early health model

early health model

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early health model

early health model

Biochip array technology systems could provide hospital laboratories with the next generation of analysers to help improve the quantity of information obtained from laboratory tests through the simultaneous measurement of a wide range of analytes from a single sample. Healthcare is time sensitive, of great complexity and the single most important concern to each of us in our daily lives.

The following early health model presents an overview of a philosophy for the fundamental change in the way we deliver healthcare. The World Health Organisation and more recent reports by Derrick Wanless (commissioned by HM Treasury department) have identified proactive strategies as best models for global health improvements and national health improvements. The health and wealth of our nation will depend on the will to change and the implementation of change.

There are no quick fix solutions but one thing is for sure, the largest health organisation in the world has a chance to lead again and this chance may lie inside a Cradle to Grave Philosophy for healthcare.


‘The test of a first-rate intelligence is the ability to hold two opposing ideas in mind at the same time and still retain the ability to function’ F. Scott Fitzgerald

Our ‘great’ NHS is a 50-year-old stressed system and no amount of new tax will mend it sufficiently well to take the strain of the population demographics, the increasing costs of treatment and the already overloaded system.

Quick fix solutions will surely flow cash through the gaping holes that so badly need plugging. There are no debates necessary on general staff shortage, equipment shortfalls and a legacy of Victorian buildings with insufficient car parks. Increased taxation or private finance will need to address these issues as quickly as possible and government is currently active in these areas.

The Achilles heel of the NHS
The issue this paper means to address is the other legacy; The National Health Service was founded to address the needs of our Nations sick and that is how it has been enacted for a number of decades. Unfortunately this philosophy of healing the sick has in the end been the Achilles heel of the NHS. The NHS is a reactive organisation that needs to metamorphosis into a proactive organisation. In this paper there will be no further discussion on how far down the NHS has fallen other than to cite the World Health Organisation’s ranking of 18th for the UK NHS. A long way away from the once proud ‘Mother’ that modelled most of the worlds’ Health Systems.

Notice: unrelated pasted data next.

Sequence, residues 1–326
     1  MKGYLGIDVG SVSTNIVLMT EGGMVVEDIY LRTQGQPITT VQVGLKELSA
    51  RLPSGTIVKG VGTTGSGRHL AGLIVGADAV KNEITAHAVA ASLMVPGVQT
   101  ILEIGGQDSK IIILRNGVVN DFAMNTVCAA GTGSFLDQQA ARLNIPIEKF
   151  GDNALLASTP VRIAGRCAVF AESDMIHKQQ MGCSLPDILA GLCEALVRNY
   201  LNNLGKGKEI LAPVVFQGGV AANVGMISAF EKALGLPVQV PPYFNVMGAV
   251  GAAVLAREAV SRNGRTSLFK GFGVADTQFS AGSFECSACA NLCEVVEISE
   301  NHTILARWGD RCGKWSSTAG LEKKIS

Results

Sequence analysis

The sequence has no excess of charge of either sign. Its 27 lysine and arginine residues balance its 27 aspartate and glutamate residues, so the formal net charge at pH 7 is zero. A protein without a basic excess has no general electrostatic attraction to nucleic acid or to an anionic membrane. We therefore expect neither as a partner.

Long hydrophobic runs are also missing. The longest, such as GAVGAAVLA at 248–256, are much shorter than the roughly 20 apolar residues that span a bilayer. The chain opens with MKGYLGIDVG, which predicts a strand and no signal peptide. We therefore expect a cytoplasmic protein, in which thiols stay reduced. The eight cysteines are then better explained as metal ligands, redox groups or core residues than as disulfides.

Purchasing power, innovation and value
The effect and consequences of having an inefficient health strategy is far reaching. In the 1st instance quality of life for the British citizen has diminished (waiting for delayed treatments). The staff in our health system are only beginning to emerge from the downward spiral of de-motivation caused through the frustrations of keeping pace with ever increasing workloads. The indigenous industrial infrastructure of design, research and manufacturing is suffering from oppressive shortsighted buying strategies. The same support infrastructure is weakened greatly in its ability to meet the overseas trade challenges and wealth creation.

Strategic walls
The world’s largest employer (outside China) will surely have many areas in which efficiency measures can be introduced and a lot has been done in the last years. Nevertheless many efficiency drives have turned out to be annual rounds of budget cutting. Not bad in itself if quality management is deeply embedded in the structure to ensure cost cutting and quality cutting don’t merge into one. In fact the seemingly endless ‘budget freeze or budget depletion’ of the last decade has been directed to areas that have been the easiest to target, ‘easy number crunching’. The effect has been to polarise departments and build strategic walls between departments within each hospital. The result is seen through the treatment of patients were one department cannot effect the change to benefit the treatment/costs in another department because the polarisation is institutionalised. Department (a) cannot increase spend by 1 unit to save department (b) 3 units because Department (a) can neither increase its budget or transfer 1 unit of saving from department (b). This is the institutionalised disease of vertical budgeting or silo budgeting.

What if the patient with a specified disease could be managed for the disease with a ‘pre allocated budget’? This now becomes patient management as against budget management.